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Ann Arbor, MN: Growing Hope Garden at West Middle School

  • Subject: [cg] Ann Arbor, MN: Growing Hope Garden at West Middle School
  • From: adam36055@aol.com
  • Date: Mon, 02 May 2005 13:37:58 -0400

Cultivating community 
Another Growing Hope garden sprouts at West Middle School 
Monday, May 02, 2005BY EMMA JACKSON 
News Staff Reporter 
hy is Kimberly Grover up to her cuticles in dirt when she admits gardening is not her forte? 
"I came because I'm hoping to learn about vegetable gardening and wanted to learn more about a community garden," Grover said. "I wish I had a green thumb; I guess this will be the test." 
Grover was one of several neighbors who showed up on a recent Saturday to cut out an 83-by-49-foot swatch of land behind West Middle School for a community garden. 
Amanda Edmonds, an Ypsilanti resident and executive director of Growing Hope, said the garden ground breaking came sooner than she had anticipated. 
"Growing Hope has been working with the school for over a year to develop a community garden partnership," said Edmonds, a wisp of a woman with the drive and energy of a John Deere tractor. 
"The Normal Park Neighborhood Association got real excited about the community garden at the senior center and said they needed more room," Edmonds said. "There was a clear show of interest and expansion was inevitable." 
One of the volunteer site coordinators, Jenna Bacolor, confirms that sentiment. 
"I'm thrilled to have a nice, sunny garden space within sight of my home," said Bacolor, who said everyone from loft apartment residents to school children have signed up for plots. "What I love about a community garden is seeing and enjoying my neighbors and meeting new people." 
So about a half-dozen pairs of hands measured, cut and rolled sod to make way for compost and eventually seeds. Kevin Webber and his family live nearby and he pitched in to jump-start the garden. 
"I wanted to support this community effort," Webber said while taking a brief break from operating the sod cutter. "I helped to get the plot started in Rec Park (Senior Center) and we'll have a plot here, too."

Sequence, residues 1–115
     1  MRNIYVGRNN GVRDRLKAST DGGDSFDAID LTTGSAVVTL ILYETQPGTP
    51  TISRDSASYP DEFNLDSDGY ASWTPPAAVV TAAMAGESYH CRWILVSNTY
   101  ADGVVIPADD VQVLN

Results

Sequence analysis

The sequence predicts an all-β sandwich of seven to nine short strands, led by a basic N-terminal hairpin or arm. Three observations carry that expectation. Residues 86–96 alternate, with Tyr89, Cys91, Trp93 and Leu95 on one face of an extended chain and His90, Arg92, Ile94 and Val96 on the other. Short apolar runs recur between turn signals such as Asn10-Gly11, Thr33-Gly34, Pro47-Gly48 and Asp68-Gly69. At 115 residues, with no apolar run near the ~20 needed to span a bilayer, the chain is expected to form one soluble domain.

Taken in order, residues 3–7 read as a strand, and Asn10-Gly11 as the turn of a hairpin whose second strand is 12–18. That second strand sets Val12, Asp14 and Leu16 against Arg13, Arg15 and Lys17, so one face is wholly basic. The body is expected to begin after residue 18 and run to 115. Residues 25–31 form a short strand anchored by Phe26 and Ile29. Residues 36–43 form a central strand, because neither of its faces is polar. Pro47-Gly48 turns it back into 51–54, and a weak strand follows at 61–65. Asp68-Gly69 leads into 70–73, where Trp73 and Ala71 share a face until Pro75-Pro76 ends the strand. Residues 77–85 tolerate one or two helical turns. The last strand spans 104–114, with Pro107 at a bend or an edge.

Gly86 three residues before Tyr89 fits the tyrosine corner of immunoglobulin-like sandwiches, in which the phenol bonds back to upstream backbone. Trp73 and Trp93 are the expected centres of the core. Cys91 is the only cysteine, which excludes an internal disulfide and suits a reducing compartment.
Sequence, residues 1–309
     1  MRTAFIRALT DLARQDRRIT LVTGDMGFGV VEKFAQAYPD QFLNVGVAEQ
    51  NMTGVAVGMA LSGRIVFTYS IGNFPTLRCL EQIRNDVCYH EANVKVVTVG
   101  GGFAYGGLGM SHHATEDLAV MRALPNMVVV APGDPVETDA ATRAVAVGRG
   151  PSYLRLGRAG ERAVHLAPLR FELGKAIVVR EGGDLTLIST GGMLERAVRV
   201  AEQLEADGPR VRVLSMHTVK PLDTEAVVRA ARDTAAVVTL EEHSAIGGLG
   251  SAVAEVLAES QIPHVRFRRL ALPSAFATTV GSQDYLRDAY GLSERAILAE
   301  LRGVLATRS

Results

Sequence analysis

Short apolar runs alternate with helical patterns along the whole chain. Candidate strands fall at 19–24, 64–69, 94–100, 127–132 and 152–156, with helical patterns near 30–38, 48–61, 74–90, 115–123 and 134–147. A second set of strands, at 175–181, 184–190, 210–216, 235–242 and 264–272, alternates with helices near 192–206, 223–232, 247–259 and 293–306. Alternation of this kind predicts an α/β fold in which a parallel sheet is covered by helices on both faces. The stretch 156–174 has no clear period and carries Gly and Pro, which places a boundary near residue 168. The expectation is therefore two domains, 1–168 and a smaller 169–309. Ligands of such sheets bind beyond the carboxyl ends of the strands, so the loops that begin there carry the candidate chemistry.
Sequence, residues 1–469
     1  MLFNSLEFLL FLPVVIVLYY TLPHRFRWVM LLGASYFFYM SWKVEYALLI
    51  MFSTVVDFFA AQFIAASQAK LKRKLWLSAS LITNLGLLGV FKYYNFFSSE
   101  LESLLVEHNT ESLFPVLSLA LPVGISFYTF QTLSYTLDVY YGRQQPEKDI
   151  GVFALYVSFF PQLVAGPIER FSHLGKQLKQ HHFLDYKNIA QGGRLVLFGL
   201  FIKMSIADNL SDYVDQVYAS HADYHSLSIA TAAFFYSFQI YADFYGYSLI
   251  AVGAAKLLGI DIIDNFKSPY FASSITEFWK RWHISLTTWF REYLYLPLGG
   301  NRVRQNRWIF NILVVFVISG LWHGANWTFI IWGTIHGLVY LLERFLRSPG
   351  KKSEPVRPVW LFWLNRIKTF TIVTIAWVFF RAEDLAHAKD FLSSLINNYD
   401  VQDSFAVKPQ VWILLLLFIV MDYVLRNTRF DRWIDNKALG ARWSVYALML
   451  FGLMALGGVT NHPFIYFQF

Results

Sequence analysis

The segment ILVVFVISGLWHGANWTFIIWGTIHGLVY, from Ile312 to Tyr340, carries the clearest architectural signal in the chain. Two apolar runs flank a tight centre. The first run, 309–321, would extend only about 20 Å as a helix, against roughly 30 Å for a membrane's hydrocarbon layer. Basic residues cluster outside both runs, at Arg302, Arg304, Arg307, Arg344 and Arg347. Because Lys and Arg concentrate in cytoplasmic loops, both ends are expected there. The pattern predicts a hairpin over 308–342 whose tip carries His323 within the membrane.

The community garden at the Senior Center, planted in 2004, includes 17 plots. The project also incorporated Plant a Row for the Hungry and approximately 150 pounds of herbs and vegetables were donated at harvest time to Food Gatherers. The latest community garden will also include a Row for the Hungry and plot sizes will more than double for use by neighbors and children to plant, weed, water and harvest. 
Edmonds views the garden on the southwest side of the middle school as another link in Growing Hope's food chain. 
"There are three levels: individual, group and community leverage," Edmonds said. "This idea is growing by leaps and bounds." 
Ypsilanti's Roots and Shoots Youth Program is one of the ways Growing Hope engages people on an individual level, teaching nutrition, leadership and entrepreneurial skills to young people who grow their own produce at a garden site in Depot Town. 
Schools and neighborhood associations comprise the group level of Growing Hope's gardening objective. 
Lastly, there is the larger, community component. 
"The idea is to leverage resources to share and network countywide," Edmonds said pointing to the Plant a Row for the Hungry program as a successful networking effort. 
Teachers at West Middle School also are looking forward to participating in the on-site garden. Teacher consultant Jill Cohen said the garden has cultivated student interest. 
"The garden is the type of project that we couldn't do alone, and there have been valuable contributions from the community that we appreciate," said Cohen. "I think it's fabulous that the school will be used by the community. That's the way it should be." 
Bacolor said plots are still available. To reserve a space, visit Web site www.normalpark.org or call (734) 483-1647. 
Emma Jackson can be reached at (734) 482-4685 or ejackson@annarbornews.com. 



) 2005 Ann Arbor News. Used with permission


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